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Mayor Adams rolls out plan to crack down on retail theft

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(The Center Square) — New York City Mayor Eric Adams is cracking down on retail theft with a new plan to allow businesses to share video surveillance with the New York Police Department in real-time through closed-circuit television.

The plan will expand a video surveillance program that allows convenience stores and other retail outlets to connect their surveillance camera systems to a local NYPD precinct, allowing law enforcement to get real-time information to solve robberies and shoplifting crimes.

The plan would also create a neighborhood retail watch program and set up a specialized task force within the NYPD to respond to shoplifting incidents.

“New Yorkers don’t feel like things are working when everything from toothpaste to laundry detergent is locked up, and businesses across the five boroughs should be able to operate without fear of losing income because of retail theft,” Adams said in a statement. “We cannot allow shoplifters and organized crime rings to prey on businesses any longer.”

The NYPD recently entered into a $1.5 million, one-year agreement with Fusus by Axon, a private company that operates the cameras, to expand the program to nine additional precincts in all five boroughs. The contract followed a pilot project in a Queens NYPD precinct.

Deployment of the surveillance cameras will be based on several factors, including community input, quality-of-life complaints and crime data, the Adams administration said.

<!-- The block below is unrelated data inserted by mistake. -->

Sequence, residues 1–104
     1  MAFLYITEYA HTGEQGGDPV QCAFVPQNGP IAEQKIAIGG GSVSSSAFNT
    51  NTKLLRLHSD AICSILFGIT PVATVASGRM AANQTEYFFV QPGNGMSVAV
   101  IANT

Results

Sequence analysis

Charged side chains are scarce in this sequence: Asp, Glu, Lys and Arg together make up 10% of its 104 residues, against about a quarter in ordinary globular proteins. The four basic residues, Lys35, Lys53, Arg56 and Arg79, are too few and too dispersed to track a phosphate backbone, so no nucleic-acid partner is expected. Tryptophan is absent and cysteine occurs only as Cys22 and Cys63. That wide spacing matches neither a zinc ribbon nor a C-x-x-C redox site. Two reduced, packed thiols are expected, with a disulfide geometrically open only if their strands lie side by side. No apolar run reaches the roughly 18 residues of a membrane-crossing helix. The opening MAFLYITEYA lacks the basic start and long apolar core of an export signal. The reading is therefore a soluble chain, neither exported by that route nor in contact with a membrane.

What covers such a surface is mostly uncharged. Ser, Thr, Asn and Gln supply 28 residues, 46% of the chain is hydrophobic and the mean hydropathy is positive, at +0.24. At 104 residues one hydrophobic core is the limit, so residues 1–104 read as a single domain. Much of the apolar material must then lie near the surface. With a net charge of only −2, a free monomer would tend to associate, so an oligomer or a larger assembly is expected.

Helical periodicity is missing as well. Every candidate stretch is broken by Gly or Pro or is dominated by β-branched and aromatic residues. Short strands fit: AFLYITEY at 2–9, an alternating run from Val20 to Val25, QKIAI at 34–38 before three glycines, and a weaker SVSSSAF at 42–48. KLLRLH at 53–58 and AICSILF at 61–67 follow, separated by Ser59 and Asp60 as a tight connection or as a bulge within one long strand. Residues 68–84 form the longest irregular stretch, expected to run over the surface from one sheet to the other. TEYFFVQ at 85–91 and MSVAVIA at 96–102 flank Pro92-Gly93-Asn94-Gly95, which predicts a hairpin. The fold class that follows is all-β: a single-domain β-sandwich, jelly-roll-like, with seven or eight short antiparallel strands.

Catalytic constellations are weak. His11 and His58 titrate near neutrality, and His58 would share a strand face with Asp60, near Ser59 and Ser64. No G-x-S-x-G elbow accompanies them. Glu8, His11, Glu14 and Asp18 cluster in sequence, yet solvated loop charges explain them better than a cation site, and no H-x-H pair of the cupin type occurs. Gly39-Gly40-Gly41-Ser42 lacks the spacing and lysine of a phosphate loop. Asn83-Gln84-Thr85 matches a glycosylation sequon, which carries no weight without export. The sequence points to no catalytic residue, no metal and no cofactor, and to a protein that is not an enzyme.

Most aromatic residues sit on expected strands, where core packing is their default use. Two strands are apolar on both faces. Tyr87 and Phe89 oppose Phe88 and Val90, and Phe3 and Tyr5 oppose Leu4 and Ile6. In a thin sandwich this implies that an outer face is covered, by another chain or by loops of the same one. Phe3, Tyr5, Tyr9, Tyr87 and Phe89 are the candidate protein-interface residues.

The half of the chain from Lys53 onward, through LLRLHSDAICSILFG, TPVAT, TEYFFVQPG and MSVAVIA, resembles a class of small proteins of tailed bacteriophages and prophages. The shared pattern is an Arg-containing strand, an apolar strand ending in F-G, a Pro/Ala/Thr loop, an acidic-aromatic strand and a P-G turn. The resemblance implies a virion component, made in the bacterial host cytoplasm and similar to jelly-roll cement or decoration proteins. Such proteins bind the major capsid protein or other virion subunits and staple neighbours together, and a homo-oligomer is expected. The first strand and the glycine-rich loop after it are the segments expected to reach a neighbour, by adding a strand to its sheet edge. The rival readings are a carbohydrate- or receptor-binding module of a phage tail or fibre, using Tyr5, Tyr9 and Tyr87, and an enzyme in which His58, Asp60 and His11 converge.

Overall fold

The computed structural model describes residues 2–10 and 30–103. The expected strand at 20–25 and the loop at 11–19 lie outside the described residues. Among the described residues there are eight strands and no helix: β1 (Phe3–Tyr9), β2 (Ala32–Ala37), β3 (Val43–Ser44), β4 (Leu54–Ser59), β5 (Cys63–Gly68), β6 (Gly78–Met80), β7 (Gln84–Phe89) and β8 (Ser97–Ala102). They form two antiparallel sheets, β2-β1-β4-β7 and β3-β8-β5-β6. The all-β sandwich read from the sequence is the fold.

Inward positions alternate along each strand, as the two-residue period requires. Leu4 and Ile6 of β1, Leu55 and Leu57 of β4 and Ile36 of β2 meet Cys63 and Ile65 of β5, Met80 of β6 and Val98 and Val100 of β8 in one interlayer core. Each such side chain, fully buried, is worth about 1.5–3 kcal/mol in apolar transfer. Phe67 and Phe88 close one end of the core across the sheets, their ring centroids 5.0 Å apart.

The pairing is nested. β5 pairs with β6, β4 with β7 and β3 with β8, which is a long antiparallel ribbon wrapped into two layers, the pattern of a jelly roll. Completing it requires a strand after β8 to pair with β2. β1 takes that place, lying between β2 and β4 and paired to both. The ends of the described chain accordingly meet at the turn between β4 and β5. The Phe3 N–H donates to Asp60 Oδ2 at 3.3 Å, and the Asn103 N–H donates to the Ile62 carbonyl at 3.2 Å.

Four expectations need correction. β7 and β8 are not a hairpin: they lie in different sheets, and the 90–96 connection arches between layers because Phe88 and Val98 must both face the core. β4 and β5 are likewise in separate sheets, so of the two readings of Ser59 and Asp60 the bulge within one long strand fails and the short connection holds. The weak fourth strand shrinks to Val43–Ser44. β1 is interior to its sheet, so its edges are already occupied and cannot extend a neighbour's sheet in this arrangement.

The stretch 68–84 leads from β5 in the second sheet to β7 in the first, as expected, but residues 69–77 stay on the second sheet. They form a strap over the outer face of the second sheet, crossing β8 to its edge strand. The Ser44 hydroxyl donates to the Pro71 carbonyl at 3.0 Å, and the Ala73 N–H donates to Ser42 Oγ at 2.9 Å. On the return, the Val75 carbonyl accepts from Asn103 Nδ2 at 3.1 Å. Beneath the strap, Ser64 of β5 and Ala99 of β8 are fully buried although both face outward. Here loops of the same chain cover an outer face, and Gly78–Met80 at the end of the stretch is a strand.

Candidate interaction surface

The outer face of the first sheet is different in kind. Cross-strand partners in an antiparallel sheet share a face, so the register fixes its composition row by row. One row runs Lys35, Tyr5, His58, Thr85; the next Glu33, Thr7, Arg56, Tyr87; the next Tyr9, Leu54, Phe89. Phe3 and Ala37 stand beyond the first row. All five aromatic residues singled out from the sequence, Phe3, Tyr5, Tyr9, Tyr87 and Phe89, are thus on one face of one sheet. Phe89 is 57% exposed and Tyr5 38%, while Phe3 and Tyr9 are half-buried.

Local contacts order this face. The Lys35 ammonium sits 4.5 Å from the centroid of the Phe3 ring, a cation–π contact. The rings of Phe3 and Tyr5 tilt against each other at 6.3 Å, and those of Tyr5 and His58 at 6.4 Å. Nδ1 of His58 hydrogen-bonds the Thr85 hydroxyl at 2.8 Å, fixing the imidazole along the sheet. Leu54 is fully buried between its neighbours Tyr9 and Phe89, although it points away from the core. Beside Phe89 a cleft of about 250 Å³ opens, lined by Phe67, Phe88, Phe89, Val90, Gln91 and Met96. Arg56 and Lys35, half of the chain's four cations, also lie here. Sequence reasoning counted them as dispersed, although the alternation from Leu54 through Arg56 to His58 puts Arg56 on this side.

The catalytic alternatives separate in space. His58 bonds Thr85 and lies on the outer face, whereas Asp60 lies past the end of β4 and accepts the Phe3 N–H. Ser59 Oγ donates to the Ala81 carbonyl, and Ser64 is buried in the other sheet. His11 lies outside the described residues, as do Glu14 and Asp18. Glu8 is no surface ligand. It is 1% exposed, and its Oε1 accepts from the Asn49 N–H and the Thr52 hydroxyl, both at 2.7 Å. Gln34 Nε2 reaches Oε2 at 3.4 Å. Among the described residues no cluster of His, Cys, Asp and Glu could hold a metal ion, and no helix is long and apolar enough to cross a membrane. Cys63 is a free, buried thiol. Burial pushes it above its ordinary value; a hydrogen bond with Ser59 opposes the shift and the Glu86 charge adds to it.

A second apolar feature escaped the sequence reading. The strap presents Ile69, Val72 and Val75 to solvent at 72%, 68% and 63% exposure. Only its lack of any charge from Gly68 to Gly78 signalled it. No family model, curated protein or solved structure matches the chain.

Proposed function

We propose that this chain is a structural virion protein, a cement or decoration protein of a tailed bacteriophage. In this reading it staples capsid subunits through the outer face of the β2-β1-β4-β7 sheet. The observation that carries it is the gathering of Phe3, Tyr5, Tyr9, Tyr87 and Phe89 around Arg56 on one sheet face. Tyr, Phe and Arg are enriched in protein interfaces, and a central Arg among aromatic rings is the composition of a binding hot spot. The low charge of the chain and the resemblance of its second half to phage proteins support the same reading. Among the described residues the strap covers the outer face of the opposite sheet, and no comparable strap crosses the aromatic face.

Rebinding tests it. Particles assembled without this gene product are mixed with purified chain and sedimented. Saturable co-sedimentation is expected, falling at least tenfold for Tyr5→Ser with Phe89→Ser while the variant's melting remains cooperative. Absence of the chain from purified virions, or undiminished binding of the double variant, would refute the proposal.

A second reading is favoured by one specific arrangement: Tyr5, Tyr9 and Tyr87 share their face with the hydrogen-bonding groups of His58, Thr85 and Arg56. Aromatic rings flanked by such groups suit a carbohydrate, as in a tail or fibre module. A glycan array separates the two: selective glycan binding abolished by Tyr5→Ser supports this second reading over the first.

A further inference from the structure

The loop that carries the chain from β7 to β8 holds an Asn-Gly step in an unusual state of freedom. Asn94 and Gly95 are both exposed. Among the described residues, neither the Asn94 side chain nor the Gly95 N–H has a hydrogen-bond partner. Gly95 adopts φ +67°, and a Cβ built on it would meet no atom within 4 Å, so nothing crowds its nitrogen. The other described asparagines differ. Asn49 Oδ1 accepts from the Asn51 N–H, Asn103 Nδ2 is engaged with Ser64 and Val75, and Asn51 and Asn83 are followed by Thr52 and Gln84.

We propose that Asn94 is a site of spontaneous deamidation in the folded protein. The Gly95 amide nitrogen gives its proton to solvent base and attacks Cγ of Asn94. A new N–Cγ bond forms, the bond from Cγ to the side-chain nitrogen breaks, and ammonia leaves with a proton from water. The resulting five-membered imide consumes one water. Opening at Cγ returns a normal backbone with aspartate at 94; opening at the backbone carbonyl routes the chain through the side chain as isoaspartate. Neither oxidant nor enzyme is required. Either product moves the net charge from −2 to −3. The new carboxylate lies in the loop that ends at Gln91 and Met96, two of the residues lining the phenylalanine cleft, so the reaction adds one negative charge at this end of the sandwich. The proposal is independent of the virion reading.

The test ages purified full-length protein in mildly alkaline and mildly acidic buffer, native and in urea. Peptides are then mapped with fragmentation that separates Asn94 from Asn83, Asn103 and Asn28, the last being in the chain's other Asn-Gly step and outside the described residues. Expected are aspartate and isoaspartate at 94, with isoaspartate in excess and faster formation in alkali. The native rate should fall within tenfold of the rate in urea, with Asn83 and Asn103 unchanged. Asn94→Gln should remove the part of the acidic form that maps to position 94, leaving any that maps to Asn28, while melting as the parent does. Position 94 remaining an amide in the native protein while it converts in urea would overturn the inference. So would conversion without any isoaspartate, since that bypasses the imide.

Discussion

New York City has seen a dramatic increase in retail theft, with more than 20,000 cases of shoplifting reported over the past five years and more than 2,000 grand larceny cases involving thefts over of $1,000, according to the NYPD.

NYPD Police Commissioner Edward Caban said the new policy will make policing shoplifting “more efficient” and help reach the administration’s “goal of eradicating the pervasive crime of retail theft.”

“The capability of business owners to share information with the detectives quickly and seamlessly is key,” Caban said. “It launches more effective investigations, builds stronger cases, and leads to more effective prosecutions.”

The camera surveillance program is free and voluntary for retailers. Adams’ plan also calls for prevention and intervention strategies to address the underlying causes of retail theft.

Adams said the same 500 or so people were arrested 7,600 times last year for retail theft, accounting for about 30% of the city’s shoplifting cases.

Last month, New York Gov. Kathy Hochul announced a $45 million plan to crack down on retail theft. The plan, which was included in the recently signed state budget, gives state prosecutors the ability to seek tougher charges against shoplifters, sets aside $25 million for a retail theft unit within the state police, $15 million for district attorneys, and $5 million to help businesses with security.

“Retail incidents involving physical force have more than doubled,” Hochul said in recent remarks. “This is just not stealing anymore, this is harming.”

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